Some who have been paying attention might ask: But where is the Rocky Mountain Elk Foundation in all of this? Shouldn’t they and their members be outraged that the timber industry is compromising elk habitat with herbicides and forest management practices? Aren’t they the ones who should stand up for the elk, elk habitat and support Dr. Mora and Mr. Gosch in their efforts to get answers? Logical questions and some of the answer might come when you look at RMEF board of directors page and right in the middle, wearing a dark brown cowboy hat, a bolo tie and a smile sits the above mentioned Larry Irwin.  And the connection between RMEF, NCASI and Dr. Irwin is a strong one as RMEF has provided significant, long-term funding for a number of projects overseen by NCASI, Dr. Irwin and others in the timber industry (1,2,3)
"Improving large mammal browse was a primary focus of the first decade of research on forest herbicides (pers. comm., M. Newton, Emeritus Professor, Department of Forest Science, Oregon State University) and remains an important consideration today." in NCASI pp. 31.
As a former ungulate biologist I was particularly concerned with the statements made in NCASI's herbicide paper in the wildlife section on pages 29-31. Reading these pages in the absence of background one would think that the timber industry’s goal was increasing and improving forage for deer and elk and that these ungulates were only minimally impacted because the woody vegetation killed was replaced by grasses.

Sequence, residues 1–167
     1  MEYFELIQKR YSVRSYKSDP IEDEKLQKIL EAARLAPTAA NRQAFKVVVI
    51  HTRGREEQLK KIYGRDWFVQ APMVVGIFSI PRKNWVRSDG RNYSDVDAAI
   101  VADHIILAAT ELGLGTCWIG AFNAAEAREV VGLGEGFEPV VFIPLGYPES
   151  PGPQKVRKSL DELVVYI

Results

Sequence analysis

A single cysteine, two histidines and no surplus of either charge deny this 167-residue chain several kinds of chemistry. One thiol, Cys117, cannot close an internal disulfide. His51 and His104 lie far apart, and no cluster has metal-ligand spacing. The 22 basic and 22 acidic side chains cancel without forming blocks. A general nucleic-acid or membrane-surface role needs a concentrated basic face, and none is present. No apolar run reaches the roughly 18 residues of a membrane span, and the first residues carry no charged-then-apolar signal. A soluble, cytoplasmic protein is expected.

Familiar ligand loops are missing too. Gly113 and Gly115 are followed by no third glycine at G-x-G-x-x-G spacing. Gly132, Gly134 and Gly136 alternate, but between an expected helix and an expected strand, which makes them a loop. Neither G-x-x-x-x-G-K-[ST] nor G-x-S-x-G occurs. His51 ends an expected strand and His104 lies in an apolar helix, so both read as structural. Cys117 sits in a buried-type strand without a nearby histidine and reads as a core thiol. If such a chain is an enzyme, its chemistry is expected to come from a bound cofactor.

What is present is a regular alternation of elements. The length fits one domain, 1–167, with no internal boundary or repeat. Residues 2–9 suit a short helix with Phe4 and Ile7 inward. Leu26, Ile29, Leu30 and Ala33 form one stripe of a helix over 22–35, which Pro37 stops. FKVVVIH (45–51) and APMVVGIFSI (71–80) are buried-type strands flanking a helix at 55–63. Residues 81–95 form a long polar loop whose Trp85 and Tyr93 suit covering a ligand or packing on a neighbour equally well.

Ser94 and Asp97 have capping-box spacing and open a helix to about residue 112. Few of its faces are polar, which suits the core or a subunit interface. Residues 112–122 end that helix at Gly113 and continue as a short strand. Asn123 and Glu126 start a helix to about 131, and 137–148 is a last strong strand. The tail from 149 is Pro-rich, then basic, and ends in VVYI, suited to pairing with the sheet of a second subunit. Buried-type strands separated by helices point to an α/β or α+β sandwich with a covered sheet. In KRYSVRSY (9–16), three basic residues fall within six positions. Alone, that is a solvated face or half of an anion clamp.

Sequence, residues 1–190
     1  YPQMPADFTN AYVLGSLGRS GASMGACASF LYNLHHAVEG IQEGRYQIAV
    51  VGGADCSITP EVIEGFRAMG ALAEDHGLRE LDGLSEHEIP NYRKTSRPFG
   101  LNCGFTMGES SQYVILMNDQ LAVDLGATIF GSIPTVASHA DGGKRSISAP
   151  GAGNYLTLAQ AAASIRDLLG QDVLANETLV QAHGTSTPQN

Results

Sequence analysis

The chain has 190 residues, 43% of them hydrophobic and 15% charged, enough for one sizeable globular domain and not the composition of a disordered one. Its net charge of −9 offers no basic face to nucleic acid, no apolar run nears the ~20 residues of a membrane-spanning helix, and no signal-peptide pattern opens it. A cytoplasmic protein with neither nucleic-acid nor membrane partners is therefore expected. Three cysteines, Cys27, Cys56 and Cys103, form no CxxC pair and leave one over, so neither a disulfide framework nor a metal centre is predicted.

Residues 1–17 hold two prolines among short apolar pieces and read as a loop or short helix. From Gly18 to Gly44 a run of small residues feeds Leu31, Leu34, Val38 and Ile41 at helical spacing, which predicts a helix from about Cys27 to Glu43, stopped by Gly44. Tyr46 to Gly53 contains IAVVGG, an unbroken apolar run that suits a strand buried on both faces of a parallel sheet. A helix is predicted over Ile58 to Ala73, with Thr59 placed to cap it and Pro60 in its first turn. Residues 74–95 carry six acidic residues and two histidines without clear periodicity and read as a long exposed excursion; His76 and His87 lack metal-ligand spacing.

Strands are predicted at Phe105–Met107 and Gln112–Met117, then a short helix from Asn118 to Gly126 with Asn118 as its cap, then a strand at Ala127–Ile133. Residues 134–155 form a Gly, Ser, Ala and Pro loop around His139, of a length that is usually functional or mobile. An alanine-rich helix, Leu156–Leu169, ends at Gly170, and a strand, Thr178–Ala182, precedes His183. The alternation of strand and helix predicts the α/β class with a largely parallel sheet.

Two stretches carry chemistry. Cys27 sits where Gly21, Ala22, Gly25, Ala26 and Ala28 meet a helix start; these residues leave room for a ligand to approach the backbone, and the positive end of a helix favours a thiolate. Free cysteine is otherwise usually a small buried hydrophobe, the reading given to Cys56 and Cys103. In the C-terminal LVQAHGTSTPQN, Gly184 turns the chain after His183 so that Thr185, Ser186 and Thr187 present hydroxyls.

“Conversely, herbicidal control of hardwood brush for the establishment of conifer plantations may remove valuable wildlife browse species and habitat.” In Review of the Ecological Effects of Herbicide Usage in Forestry by J.P. Kimmins 1975
“Model results suggested that the potential for long-term changes in vegetation composition and resultant ungulate forage availability were most pronounced during winter.” in NCASI pp. 29-31.   
The well recognized fly–even by NCASI–in this ointment is winter. Grasses are great in the spring and summer but as they mature and summer transitions into fall these plants take their protein and ship it below ground to be stored for next year. In short, if you have killed off the woody vegetation and are left with nutritionally useless grasses what do the elk eat in winter when stress and caloric needs are high–particularly in females carrying young?
I was also concerned with the coverage in this section about the toxic impact of the herbicides on wildlife. Certainly this is the timber industry’s party line, but the public has compelling reasons to be dubious about the rigor of these findings as they apply to wildlife and human health too. These “benign” herbicides are turning out to be more problematic than originally thought.  Adding to this general atmosphere of distrust are stories like the one unfolding at Triangle Lake in Oregon where citizens rightfully want to know what the timber and herbicide industries have put in their waters and ultimately their bodies.   
"The group also heard a presentation about herbicides by Anne Fairbrother, a veterinarian and principal scientist with the Exponent research company in Seattle.